Fred Sirieix: Skills and staff shortage in hospitality industry worsening
A skills and staff shortage in the hospitality industry is “getting bigger and wider every day”, First Dates star Fred Sirieix has said.
The TV personality and maitre d’ said the situation was made worse by Brexit and exacerbated by the Covid crisis, and he suggested prisons could be an untapped resource as a place to train staff.
Writing in The Big Issue, he said: “There is no way it’s going to get better unless we change our tactics. It’s really a disaster.
“And I think that if we don’t get our heads out of the sand very soon, we will see the impact in the years to come.”
French star Sirieix said the shortage has existed since he arrived in the UK in 1992 and has continued to get worse.
He wrote: “Back in the day, a lot of the manpower would come from mainland Europe. Depending where you were in the country between 20% to 40% – and some would say as much as 50% – of people would be from foreign countries.
“Then in 2016, Brexit happened. A lot of people who would have normally come to the UK didn’t come, a lot of good people left.
“Then Covid happened. On top of the people who didn’t come to the UK, a lot of people went home, and are not coming back.
“We have an exodus of people from the industry, but also we are not bringing new people in.”
Sirieix also blamed a decrease in the number of catering colleges and further education establishments and said funding for the existing ones is going down.
He said: “We need an influx of staff. If we are not doing anything within the catering colleges, we have to go where we can find the staff, and prison really is an area that has been untapped.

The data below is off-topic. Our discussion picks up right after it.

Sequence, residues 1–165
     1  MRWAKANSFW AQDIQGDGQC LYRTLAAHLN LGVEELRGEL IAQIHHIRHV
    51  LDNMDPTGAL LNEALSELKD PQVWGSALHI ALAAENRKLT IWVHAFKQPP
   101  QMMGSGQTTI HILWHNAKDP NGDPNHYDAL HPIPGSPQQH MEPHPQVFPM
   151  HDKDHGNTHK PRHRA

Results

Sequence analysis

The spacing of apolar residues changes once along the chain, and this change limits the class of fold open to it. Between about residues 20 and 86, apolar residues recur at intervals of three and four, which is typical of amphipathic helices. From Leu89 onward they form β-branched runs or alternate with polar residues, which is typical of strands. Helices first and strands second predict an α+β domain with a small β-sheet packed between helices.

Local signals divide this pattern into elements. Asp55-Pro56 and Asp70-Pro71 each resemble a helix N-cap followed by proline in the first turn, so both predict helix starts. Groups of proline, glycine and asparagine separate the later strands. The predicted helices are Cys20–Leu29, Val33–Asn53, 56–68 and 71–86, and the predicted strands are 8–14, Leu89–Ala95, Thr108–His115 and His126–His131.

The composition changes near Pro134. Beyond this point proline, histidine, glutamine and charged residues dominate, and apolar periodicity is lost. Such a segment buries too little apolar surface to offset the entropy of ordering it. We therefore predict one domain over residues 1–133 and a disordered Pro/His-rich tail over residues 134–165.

“I have worked with disadvantaged kids and troubled youths for a number of years, and four-and-a-half years ago I started a charity called The Right Course with the aim to open restaurants in prisons using existing facilities and existing equipment.
“In prison there are courses: people will do hairdressing, carpentry, bricklaying – restaurants should be another.
“In any prison the staff have to eat, so let’s just turn their mess into a proper restaurant like you have on the high street.
“We can teach the offenders and when they come out, they can have a job. It’s a win for society, a win for the offenders themselves. And it’s a win for hospitality as an industry.”
Sirieix said he is already working with two prisons and is in talks to expand to more.
He added: “For us to make a difference within the community of offenders as well as hospitality, we need to scale this up, because there are possibly 30-40 prisons that will be suitable for the scheme.
“We need a coalition of the willing to speak with a united voice, working towards an agreed goal within a timeframe that’s going to allow us to put hospitality on the map.
“If we go into schools, if we train people, if we excite them about what the industry has to offer, then I think that we have a chance.
“But, of course, the industry needs also to improve working conditions. We can’t change things without looking at what we offer to people who work in the industry.
“It’s a battle that we are fighting on all fronts. And it is not fought on all fronts consistently and relentlessly for a period of time, there is no chance for us to win.”
The full interview is in The Big Issue, out now.